Fourthly, more socio-politically grounded explanations of the delay in major political reform would look at its constituencies, the forces that would carry democratisation. The first problem is that there is low public interest: both winners and losers of reform and globalisation look to the Communist Party to protect their interests, whether in protection of private property, or in provision of some welfare. Their no. 1 priority is the legal system, equality before the law. The many justified local protests do not challenge the party or the system as such. The progressive parts of the middle class, which could be expected to champion political reform, ask what it would do for them. They are willing to demonstrate for their own interests, but not to riskily empower the 1000 mio people below them. In this way they are reminiscent of the elites in 19.th century Europe: “Democracy is a good thing, but let’s wait”. Class-alliances among Chinese workers, or across the urban-rural divide are also notoriously difficult. Actual opponents of democracy are perhaps mostly found among ministerial level functionaries and in government in the provinces. They are not pressured by the grass-roots, and would prefer to remain unaccountable technocrats. The leadership at the top can have a variety of interests in democratic reform: soft power, fighting corruption, surviving in power by adapting to the democratization of information, easing unification with Taiwan, stability in succession,etc.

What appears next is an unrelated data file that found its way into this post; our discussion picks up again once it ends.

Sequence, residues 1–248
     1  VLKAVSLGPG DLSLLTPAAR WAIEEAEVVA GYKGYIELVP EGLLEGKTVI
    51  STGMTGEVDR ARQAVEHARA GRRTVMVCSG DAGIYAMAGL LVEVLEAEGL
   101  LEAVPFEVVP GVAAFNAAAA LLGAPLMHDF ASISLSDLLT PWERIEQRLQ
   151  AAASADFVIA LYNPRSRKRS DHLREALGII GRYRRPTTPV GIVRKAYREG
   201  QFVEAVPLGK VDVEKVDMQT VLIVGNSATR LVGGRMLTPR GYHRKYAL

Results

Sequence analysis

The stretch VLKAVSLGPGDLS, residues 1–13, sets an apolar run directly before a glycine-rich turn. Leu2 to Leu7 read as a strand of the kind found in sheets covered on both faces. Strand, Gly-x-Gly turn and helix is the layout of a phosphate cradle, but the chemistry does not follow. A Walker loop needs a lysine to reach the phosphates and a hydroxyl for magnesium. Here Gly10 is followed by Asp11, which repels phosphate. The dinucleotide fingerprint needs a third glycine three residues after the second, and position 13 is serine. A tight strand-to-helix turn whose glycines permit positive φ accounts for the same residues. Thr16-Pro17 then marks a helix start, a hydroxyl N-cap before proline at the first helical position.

Fifthly, international factors can also help understand the stasis in political reform efforts. A regime that feels safe and unthreatened is more likely to reform. Authoritarian regimes democratize when they do not feel threatened, like Taiwan and South Korea did. In the post Cold War period ‘liberal internationalism’ with its financial and other support of ‘colour revolutions’ and its military interventions, has delayed reform and strengthened hardliners. It seemed clear to the leadership that China was on the US list for ‘regime change’ too, and the result was extreme vigilance towards NGO’s and civil society phenomena. As late as April 2008, a White paper on political democracy was published, but then came the Tibet crisis, the Olympic circus, and finally the US financial crisis, which in itself was an argument for delaying reforms. There may also be an aspect of learning, namely from the experience of the “East Asian Model” prescribing economic modernisation first (under authoritarian or 1-party rule) and avoiding premature democratisation which has meant collapse in a number of countries, but waiting till it has a prospect of holding (Japan, Korea, Taiwan, Singapore?)